This is a bottom-up process and any issue a member feels is important can go in this direction at any time.


It also may work in the opposite direction. The board of trustees or Executive Committee may feel that an issue needs to be discussed and voted upon. If its impact does affect the membership as a whole, e.g., a charge to a council or committee, the issue may be resolved at the board table. Trustees then inform their districts directly of this occurrence, and it is also published in the Members Section.


If it is a global change that is being considered, then it is brought to the entire membership both by the trustees via their mechanisms of local communication and publication in the Academy electronic newsletter, AAPD E-News and published in Pediatric Dentistry Today. This would considered top-down communication.

I think you can see that these methods, their interchange, and how they are decided upon go in both directions, often at the same time. Therefore, it is up to your leaders at the state and district level, as well as trustees and officers, with the help of the central office, to make sure there are no "traffic jams."


And lastly, the ultimate examples of transparency and two-way governance are the Reference Committee and General Assembly. All members are encouraged to attend both and all members are encouraged to make substantive comments.


The meeting of the Reference Committee is not a place for debate. It is a place for a member to comment upon a motion that will be put to the General Assembly for a vote. The Reference Committee members then evaluate the comments and make any changes in motions that are deemed appropriate.


The General Assembly is the ultimate example of transparency and two-way governance. Every member can speak to a motion and every Active or Life member can vote. In addition, every member, within the rules of parliamentary procedure, can suggest an amendment to a motion or even bring a new motion to the floor; the ultimate expression of governance and transparency.


In closing, I must put the mechanism of how we get to the members' ultimate expression of governance into perspective. The Reference Committee hearing is held on Saturday. This is done so that all councils and committees have the opportunity to meet beforehand with the least amount of disruption to members' opportunities to attend the many continuing education sessions.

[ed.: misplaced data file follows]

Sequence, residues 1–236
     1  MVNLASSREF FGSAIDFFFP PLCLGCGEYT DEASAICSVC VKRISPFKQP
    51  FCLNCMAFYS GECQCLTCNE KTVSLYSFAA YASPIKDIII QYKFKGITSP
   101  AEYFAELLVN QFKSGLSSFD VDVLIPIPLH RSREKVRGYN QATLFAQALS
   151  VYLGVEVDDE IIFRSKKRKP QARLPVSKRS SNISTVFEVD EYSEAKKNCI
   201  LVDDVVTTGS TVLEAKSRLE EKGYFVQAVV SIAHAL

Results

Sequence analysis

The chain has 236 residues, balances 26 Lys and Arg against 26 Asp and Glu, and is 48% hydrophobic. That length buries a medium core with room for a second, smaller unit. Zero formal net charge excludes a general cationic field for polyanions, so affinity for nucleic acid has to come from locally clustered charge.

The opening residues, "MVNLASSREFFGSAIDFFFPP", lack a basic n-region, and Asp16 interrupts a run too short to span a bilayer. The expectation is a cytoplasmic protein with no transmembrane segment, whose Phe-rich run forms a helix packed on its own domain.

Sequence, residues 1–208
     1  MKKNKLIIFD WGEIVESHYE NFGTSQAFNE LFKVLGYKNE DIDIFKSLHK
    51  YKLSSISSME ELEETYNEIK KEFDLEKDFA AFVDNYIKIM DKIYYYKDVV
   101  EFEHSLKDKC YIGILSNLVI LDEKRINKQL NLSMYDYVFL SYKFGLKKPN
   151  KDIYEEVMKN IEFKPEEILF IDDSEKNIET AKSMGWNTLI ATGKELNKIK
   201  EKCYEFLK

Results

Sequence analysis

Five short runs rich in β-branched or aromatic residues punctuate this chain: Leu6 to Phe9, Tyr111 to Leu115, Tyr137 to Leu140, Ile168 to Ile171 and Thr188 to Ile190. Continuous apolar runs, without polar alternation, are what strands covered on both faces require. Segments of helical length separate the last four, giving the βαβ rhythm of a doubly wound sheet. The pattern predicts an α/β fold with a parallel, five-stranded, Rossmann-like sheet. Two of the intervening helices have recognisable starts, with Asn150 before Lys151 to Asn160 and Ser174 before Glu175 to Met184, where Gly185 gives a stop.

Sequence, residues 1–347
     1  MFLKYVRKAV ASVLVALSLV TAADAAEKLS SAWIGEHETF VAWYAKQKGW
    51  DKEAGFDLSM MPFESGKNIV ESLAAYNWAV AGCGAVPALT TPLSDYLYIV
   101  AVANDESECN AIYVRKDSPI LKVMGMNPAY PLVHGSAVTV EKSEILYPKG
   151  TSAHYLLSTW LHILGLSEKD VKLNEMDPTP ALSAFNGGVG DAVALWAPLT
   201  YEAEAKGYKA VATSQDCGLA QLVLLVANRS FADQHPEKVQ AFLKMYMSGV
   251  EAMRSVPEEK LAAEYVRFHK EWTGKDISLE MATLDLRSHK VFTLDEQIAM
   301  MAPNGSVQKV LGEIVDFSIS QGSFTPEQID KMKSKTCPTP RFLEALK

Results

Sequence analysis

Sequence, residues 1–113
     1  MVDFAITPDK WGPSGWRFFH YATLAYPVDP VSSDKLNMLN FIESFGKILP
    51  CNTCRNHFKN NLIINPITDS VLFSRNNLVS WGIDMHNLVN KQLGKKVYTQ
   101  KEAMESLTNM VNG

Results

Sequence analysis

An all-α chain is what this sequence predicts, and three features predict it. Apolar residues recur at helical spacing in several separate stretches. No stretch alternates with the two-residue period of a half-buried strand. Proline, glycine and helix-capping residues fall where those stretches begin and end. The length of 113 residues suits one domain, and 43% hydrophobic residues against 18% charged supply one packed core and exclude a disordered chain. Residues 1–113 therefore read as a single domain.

The General Assembly is held on Sunday so that the reports of the Reference Committee can be printed and distributed in time for members to review the recommendations. The General Assembly is open to all members and again, all are encouraged to attend, speak and vote.


If a member chooses not to attend and vote, to me it means one or more of several things: the member is satisfied with governance; the member is not interested in the governance process or the member has put a higher priority on an activity other than having a voice and vote at the General Assembly and the governance process. Procedurally, with the day after the General Assembly being a national holiday, there is ample time for all of us to return home in time to continue with patient care.


In conclusion, I trust I have put the issues I outlined when I started this essay into perspective. We all have a voice and with adherence to rules of procedure, we all are able to hear each other, converse and decide upon issues in the best interest of the Academy, which translates into the best interest of children.